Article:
18 the question that you asked of him, and I'd like you to read the last
19 three questions and answers of that page, and could we move on to the
20 next page.
21 JUDGE PARKER: Yes, Mr. Popovic.
22 MR. POPOVIC: [Interpretation] Your Honours, a document is being
23 used which Mr. Lukic provided as a suspect, and these are his answers to
24 questions asked by the investigator. The Trial Chamber already took its
25 stand concerning this. I have nothing against Mr. Stamp presenting
1 certain parts of these answers to the witness, whether he knows that Mr.
2 Lukic said that, but I think this might not be the appropriate manner to
3 use this document as the Trial Chamber has already expressed its position
4 about this document. Thank you, that will be all.
5 MR. STAMP: Your Honour, the question I propose to ask is
6 directly in line with the instructions by the Trial Chamber when this
7 document was last used.
8 JUDGE PARKER: Please carry on.
9 MR. STAMP:
10 Q. Could you look at the first question now on the next page and the
11 answer thereto. Now, Mr. Pantelic, the question is this, and I ask you
12 the question because you have given us a lot of conclusion based on
13 hearsay and what other people have said to you. Now, having read this
14 from Mr. Lukic, can you tell us what are your conclusions in respect to
15 the command relationship between Mr. Lukic and Mr. Djordjevic in Kosovo?
16 A. I cannot say anything about their relations in Kosovo because I
17 do not know what these relations were. What I said during my testimony
18 was based on appropriate documents which I interpreted. Whatever I said
19 was based on certain documents. There are statements here of persons who
20 were accused and some of them were sentenced, but I wouldn't go into
21 that. And I really was not informed about their relations there in the
22 territory of Kosovo. I have no knowledge about that.
23 Q. Do you know how many times Mr. Djordjevic went to Kosovo for
24 purposes of work in 1999?
25 A. I couldn't tell you that because I'm not informed about it.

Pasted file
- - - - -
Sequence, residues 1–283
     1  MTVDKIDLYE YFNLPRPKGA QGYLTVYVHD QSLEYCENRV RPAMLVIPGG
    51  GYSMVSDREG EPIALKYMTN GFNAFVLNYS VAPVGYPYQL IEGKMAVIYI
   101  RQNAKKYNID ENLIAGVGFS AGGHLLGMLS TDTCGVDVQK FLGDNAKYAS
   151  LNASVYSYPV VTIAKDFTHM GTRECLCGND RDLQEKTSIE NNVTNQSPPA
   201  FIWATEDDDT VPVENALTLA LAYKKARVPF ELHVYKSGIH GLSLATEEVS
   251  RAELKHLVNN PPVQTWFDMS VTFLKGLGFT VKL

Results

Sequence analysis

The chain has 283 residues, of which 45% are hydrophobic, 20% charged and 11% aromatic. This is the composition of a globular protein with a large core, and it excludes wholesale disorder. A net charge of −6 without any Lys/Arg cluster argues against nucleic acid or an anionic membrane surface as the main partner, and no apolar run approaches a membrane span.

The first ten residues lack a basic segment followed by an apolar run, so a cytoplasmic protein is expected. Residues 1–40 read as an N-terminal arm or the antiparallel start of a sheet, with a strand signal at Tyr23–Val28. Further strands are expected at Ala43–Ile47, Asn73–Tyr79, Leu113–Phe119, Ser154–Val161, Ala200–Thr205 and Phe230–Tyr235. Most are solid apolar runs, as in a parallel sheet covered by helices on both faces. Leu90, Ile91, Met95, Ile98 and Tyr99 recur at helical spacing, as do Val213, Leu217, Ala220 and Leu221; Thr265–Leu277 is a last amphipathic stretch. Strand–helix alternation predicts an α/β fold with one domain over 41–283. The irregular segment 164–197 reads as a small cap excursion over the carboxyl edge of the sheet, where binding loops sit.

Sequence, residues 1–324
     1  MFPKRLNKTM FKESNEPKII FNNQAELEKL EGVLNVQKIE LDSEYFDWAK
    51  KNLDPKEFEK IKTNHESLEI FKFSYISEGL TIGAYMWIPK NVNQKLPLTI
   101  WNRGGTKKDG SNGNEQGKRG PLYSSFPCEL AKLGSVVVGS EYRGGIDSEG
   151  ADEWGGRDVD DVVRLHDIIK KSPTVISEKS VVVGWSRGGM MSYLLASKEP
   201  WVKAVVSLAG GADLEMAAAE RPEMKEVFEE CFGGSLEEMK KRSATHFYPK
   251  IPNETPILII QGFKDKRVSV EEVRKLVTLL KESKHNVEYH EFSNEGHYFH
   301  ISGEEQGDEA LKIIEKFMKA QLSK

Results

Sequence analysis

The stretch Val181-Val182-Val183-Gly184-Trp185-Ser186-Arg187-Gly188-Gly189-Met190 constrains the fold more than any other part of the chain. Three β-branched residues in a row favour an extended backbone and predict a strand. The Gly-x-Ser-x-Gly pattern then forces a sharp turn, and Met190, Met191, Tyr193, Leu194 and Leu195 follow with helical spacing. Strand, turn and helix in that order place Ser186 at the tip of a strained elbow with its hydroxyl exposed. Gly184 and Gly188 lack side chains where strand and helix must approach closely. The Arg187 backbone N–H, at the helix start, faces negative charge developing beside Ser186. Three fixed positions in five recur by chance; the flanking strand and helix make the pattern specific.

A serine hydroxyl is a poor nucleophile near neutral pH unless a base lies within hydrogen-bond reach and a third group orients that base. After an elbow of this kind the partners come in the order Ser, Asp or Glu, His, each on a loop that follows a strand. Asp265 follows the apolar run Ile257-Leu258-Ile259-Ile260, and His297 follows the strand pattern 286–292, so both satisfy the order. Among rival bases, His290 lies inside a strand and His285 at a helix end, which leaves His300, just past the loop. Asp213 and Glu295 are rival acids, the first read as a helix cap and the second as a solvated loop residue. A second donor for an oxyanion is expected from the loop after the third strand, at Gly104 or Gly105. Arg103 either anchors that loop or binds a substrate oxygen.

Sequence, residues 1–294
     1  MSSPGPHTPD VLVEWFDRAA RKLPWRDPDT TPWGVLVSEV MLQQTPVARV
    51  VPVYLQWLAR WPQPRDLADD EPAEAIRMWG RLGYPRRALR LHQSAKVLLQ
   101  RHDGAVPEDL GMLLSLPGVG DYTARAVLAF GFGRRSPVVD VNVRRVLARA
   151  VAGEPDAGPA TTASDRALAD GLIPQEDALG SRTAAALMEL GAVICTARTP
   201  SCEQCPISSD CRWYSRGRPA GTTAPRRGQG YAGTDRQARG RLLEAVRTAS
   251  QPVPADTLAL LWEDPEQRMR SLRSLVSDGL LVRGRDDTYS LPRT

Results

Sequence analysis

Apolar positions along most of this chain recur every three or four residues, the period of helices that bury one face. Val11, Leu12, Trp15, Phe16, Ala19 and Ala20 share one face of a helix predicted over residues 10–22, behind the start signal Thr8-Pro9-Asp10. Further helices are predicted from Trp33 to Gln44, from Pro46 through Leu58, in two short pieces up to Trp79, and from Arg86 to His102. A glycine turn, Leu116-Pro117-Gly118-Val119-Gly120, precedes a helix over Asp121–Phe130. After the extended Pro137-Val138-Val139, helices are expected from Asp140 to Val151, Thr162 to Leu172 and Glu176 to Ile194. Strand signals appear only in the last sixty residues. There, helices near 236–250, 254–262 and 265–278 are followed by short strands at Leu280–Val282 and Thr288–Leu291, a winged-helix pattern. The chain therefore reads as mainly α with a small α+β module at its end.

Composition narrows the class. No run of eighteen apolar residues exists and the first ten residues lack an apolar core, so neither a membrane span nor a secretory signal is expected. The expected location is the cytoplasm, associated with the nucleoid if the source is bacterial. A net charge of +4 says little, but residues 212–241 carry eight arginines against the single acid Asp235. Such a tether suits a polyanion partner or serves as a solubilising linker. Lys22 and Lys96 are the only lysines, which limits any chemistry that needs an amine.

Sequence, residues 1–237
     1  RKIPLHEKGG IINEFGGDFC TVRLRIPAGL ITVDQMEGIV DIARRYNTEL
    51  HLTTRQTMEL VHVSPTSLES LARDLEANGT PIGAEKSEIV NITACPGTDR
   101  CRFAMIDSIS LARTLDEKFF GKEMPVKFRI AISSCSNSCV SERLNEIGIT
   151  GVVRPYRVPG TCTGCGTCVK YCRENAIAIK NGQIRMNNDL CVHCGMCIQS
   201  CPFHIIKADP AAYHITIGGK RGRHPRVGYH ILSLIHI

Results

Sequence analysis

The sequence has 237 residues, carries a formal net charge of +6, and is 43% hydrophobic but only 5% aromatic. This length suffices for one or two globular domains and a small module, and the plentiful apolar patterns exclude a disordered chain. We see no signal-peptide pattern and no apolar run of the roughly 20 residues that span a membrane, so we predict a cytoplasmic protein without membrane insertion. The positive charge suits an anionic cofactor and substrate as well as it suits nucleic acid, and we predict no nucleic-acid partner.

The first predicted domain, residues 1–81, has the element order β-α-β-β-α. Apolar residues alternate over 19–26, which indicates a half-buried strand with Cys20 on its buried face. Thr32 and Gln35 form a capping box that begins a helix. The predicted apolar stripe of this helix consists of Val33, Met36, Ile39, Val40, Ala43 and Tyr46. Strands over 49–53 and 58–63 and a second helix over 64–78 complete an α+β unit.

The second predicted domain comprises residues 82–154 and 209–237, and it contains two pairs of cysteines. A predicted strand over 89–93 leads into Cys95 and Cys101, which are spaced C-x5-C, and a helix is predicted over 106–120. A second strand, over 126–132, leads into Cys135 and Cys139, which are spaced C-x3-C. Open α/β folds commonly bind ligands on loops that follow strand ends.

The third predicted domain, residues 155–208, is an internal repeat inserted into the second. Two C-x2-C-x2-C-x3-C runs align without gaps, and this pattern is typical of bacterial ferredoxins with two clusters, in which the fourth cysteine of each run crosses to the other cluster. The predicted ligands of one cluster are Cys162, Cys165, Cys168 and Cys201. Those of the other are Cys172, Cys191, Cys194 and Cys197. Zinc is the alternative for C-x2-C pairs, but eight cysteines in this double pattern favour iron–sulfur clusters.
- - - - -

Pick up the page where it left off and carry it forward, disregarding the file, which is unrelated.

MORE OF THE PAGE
1 Q. Do you know how many times he went down there during the war?
2 A. I cannot answer that either. I cannot be positive about that. I
3 remember that I managed to reach him in his office quite often, but how
4 many times he went there during the war, that is something I don't know.
5 Q. Do you know whether he went there at all during the war?
6 A. During the war, I had so many problems to deal with that I was
7 really not in the situation to follow the situation within the Ministry
8 of the Interior.
9 Q. In other words, you were focused on your problems in Valjevo? Is
10 that right, what I just said?
11 A. I was mostly focused on these problems because, as I recently
12 noted, the NATO air force targeted targets in Valjevo on 21 occasions.
13 But regardless of that, we had to perform our regular duties from the
14 remit of work of the ministry, and by nature of things, we were obliged
15 to report to the ministry about duties discharged, and in that sense, I
16 did have several telephone conversations, and I did meet the chief of the
17 sector, but I couldn't tell you when exactly that was. I cannot remember
18 the exact date nor even the exact month.
19 Q. Would you consider Mr. Djordjevic to be a friend?
20 A. I said during my testimony that our relations were proper,
21 professional relations. We did not socialise privately, but as far as
22 work is concerned, we could find common ground in connection with many
23 problems, and on the basis of that, I can say that we did have -- that we
24 were close to a certain extent.
25 Q. Did you maintain contact with him after the war in 2000, the year
2 A. We did not have any special contacts. He was not the chief of
3 sector anymore, and I had to regulate security problems about the entry
4 into the zones in Kosovo and the southern Serbia in an action which
5 involved international forces as well.
6 Q. Okay.
7 A. On that occasion I saw him.
8 Q. I'm asking about the year 2000. I believe Mr. Djordjevic was --
9 well, I don't know if he was relieved of his duties, but he ceased being
10 the chief of the public security department in 2001; is that correct?
11 A. In 2001 as I tried to say a while ago, I saw him in April or May
12 in Presevo or in Bujanovac, and that was the last time when I saw him in
14 Q. We need to clarify that. The evidence before the Court is that
15 by May 2001 after it became public that some corpses were found at a
16 place called Batajnica, Mr. Djordjevic could not be found. Do you
17 remember that that is what transpired in 2001?